exist as a liquid at room temperature unless under very
high pressure.
iv. The difference between evaporation and boiling point
1. evaporation
a. occurs when molecules or atoms have enough kinetic energy to
break the intermolecular forces holding them in the liquid phase
and escape to the gas phase.
b. occurs at many temperatures (every temperature point between
the melting point and boiling point)
2. Boiling point
a. occurs when the vapor pressure = the ambient pressure
b. occurs at one temperature, for a given atmospheric pressure,
This site has a great explanation of the difference:
http://wine1.sb.fsu.edu/chm1045/notes/Forces/Vapor/Forces05.htm
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4. Solubility
a. Generally solubility follows the rule “like dissolves like”
i. Polar + Polar = miscible
ii. Non-polar + Non-polar = miscible
iii. Polar + non-polar = immiscible
iv. Polar + ionic = miscible
v. Non-polar + ionic = immiscible
b. This rule stems from the strength of intermolecular forces
i. Ionic compounds are sufficiently attractive to break the attraction between
polar solvent molecules and hence will dissolve
ii. Polar compounds are also sufficiently attractive to break the attraction between
polar solvent molecules and hence will dissolve
iii. Non-polar molecules are not sufficiently attractive to break the attraction
between polar solvent molecules and hence will not dissolve
1. polar and non-polar molecules do NOT repel
2. non-polar molecules are attracted to polar molecules more than they
are attracted to other non-polar molecules. (This is why an oil drop is a
sphere until it lands on the surface of water and spreads out.) BUT not as
much as polar molecules are attracted to other polar molecules.
iv. However, non-polar molecules are sufficiently attractive to break the attraction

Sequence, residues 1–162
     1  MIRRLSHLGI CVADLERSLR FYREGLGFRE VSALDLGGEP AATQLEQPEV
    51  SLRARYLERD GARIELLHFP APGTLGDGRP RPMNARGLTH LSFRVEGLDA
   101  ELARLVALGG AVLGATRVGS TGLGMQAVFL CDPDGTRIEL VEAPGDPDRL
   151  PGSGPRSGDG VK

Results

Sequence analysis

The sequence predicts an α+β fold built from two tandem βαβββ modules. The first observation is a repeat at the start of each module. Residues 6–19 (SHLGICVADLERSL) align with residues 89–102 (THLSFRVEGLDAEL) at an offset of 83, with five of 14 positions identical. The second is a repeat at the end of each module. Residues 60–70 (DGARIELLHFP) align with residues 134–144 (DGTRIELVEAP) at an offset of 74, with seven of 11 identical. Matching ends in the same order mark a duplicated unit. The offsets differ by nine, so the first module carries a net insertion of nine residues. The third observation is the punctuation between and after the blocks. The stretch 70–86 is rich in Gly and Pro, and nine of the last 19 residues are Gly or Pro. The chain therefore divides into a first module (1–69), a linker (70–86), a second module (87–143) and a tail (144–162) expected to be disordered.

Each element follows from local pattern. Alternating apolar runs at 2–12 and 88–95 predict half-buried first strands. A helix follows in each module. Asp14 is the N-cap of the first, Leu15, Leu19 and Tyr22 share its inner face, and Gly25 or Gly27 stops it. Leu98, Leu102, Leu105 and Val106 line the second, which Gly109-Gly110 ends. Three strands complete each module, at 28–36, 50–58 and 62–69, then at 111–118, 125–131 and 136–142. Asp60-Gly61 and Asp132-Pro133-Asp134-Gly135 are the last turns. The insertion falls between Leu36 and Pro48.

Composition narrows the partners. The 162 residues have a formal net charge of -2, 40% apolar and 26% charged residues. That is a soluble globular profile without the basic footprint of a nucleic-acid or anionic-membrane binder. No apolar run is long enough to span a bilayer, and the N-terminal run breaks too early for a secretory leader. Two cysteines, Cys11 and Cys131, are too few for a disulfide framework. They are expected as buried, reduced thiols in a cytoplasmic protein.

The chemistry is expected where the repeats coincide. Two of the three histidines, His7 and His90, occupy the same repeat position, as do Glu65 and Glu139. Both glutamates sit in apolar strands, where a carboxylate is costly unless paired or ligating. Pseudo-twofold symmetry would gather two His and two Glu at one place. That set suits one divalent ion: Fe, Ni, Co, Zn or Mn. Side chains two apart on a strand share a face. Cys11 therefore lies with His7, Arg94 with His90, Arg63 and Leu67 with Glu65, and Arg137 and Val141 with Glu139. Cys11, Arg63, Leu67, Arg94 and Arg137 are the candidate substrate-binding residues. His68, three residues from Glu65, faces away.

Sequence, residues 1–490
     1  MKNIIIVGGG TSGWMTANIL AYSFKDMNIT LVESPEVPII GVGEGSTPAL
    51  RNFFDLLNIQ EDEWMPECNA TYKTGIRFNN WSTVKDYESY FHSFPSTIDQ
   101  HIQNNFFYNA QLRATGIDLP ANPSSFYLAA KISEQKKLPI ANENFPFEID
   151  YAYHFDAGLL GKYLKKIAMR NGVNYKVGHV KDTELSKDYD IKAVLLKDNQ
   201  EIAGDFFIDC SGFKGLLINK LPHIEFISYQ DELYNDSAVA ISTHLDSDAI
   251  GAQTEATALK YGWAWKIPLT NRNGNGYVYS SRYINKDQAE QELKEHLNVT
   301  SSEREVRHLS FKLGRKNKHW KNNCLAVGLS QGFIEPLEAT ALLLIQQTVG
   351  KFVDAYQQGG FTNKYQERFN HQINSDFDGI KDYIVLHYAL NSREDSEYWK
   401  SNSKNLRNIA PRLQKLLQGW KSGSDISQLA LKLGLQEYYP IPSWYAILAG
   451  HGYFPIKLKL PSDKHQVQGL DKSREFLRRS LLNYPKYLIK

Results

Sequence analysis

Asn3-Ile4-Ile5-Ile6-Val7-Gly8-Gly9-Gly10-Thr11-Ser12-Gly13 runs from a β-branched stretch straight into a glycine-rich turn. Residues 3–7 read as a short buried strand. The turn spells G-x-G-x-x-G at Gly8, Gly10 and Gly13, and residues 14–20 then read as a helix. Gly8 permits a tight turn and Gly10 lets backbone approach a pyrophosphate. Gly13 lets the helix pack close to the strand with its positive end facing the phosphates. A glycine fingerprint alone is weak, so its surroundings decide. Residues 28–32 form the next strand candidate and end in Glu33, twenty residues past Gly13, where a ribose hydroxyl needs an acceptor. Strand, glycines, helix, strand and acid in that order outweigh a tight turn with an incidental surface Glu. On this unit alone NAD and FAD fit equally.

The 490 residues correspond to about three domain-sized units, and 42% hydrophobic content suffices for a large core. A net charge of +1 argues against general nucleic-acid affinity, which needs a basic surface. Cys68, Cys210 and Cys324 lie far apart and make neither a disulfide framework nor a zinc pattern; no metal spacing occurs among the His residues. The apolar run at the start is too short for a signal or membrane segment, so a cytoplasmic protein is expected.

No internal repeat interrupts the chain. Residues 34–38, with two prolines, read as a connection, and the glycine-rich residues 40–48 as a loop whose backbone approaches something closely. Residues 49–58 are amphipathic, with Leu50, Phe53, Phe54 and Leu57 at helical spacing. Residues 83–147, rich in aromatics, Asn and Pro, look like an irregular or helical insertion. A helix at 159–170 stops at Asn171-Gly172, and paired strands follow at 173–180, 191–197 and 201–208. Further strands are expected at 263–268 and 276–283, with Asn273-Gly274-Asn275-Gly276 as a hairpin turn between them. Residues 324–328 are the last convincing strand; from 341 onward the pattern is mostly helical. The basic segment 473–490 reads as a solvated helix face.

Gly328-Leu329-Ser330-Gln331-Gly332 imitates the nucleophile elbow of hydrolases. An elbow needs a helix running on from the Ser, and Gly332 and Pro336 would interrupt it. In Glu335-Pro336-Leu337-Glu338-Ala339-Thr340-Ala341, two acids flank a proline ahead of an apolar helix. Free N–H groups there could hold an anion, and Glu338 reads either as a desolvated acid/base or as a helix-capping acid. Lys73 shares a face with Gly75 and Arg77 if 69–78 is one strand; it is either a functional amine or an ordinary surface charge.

between non-polar solvent molecules and hence will dissolve
c. Some molecules have both polar and non-polar parts
i. Emulsifiers or surfactants like soap are capable of mixing in both polar and nonpolar solvents
ii. Organic molecules with OH groups will dissolve in polar solvents if their non-polar
parts are sufficiently small.
1. ethanol (2-carbon chain) is soluble in water
2. Larger carbon-hydrogen chains (anything larger than about 4 carbons)
begin to be insoluble (even if they have an –OH group)
d. There are two forces at work when a solute dissolves in a solvent
i. The energy change (how much energy is required to break the intermolecular
forces and how much is released when the new intermolecular “bonds” are
made). If there is more energy given off in the formation of new intermolecular
“bonds” this can be a reason a substance will dissolve.
1. The energy given off when ionic compounds dissolved in water is a major
driving force for the dissolution of ionic solids in water. Sometimes the
energy is significant enough to detect a change in temperature.
ii. The increase in entropy which always occurs when a substance dissolves is
another driving force of the process
iii. Large non-polar molecules cannot make as many strong intermolecular “bonds”
as polar molecules. The energy change for a non-polar solute dissolving in a
polar solute is so unfavorable that it outweighs the increase in entropy.
5. Colligative properties
a. When a solvent has something dissolved in it,
i. the boiling point of the solvent is elevated
ii. the freezing point is lowered
b. This happens because the vapor pressure is lowered, fewer molecules of solvent are
escaping to the gas phase when a solute is present
i. Fewer molecules have the ability to escape to the vapor phase because of the
strong attraction between the solute and the solvent molecules.
ii. Remember the definition of boiling point: point at which vapor pressure equals
the pressure of atmosphere.
iii. Using the phase diagram below, you can see the effect of adding a solute on
the freezing point and boiling point
1. Boiling point increases
2. Freezing point decreases
Pressure
(atm)
1.00
0.0060
-1.5
0.00
100.0 105.0
Temperature (C)
6.